Like before I did not have the opportunity to catch all three remixes, only the R1-crew of Jan Bang and Erik Honoré with the eminence of Norwegian vocalist, Sidsel Endresen. The other two, Robert Lippok and the R3-crew of Andreas Røshol, Idar Eliassen and Marius Trøan Hansen, I had to let go. It is hard to say what is the difference between experiencing Sidsel Endresen for the first, the fifth or tenth time. You will never be (really) prepared for what is coming. The performance again proved how abstraction can get utterly concrete and cut deep.

Generically speaking she is not just producing plosives and stuttering guttural sounds, playing around, nor is she imitating instruments. Her expression moves with basic vocalizations combined in a non-arbitrary way, to syllables freed of conventional meaning placed and articulated with great urge, driven by a deep musical intuition. She digs deep into the essence of the human voice and creates a strong visceral coherence. Melody is always in the air (or triggered vaguely in listeners' minds), sometimes touched upon or even fully articulated. She is one of the most extraordinary post-bop vocalists and the source for younger Norwegian jazz and improv singers.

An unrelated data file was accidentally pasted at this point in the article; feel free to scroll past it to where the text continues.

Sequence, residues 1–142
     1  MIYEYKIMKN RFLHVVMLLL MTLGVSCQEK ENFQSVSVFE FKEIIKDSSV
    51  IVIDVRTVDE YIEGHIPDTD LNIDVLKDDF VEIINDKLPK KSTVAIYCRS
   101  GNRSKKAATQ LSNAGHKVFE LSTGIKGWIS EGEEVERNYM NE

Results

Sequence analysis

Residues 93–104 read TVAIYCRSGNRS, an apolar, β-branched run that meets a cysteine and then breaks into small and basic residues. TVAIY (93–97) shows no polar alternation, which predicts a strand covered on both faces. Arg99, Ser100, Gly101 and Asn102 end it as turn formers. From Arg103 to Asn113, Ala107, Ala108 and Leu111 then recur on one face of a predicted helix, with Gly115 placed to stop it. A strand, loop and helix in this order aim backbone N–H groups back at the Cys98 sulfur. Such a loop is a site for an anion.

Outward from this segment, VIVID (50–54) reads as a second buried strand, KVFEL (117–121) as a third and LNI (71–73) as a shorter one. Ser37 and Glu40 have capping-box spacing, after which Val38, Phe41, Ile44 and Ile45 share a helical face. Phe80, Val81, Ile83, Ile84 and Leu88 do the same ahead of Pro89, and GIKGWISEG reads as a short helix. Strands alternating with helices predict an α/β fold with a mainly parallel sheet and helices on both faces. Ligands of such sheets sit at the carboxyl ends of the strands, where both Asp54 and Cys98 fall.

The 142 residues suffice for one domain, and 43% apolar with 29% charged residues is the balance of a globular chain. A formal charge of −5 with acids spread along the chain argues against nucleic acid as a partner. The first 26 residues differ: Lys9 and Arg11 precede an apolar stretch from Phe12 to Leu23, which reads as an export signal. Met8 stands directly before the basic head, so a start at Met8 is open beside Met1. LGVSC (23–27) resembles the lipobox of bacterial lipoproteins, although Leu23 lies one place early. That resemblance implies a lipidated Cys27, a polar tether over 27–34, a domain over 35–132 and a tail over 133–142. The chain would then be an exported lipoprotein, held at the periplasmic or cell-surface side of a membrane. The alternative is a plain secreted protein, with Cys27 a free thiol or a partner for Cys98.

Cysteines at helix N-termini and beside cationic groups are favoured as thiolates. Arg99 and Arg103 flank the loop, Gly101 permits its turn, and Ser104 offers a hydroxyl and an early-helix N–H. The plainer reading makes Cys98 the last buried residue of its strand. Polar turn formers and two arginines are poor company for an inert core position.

Fellow musicians have to listen carefully and take quick and effective action to achieve this coherence and strength of expression. Bang and Honoré know exactly how to and they know each other so well they can go into any direction with each other. Armed with her voice and just a microphone flanked by two electronic wizards she cut her way through the electronic shades, the spume, threw it into abysses and led the music to a higher plane. It was breathtaking and relieving. You could almost forget about the O-performance that was recognizable still. Thus the remix lead even deeper into the forest.

The finishing O-performance was by German Techno-and Electrolatino pioneer Uwe Schmidt aka Atom TM residing in Santiago de Chile. His performance was extremely loud and he had to cope with sound and synchronization problems, which prevented lots of visitors from listening to and checking out his complex micro-macro sound universes. So it didn't work out felicitously in this context.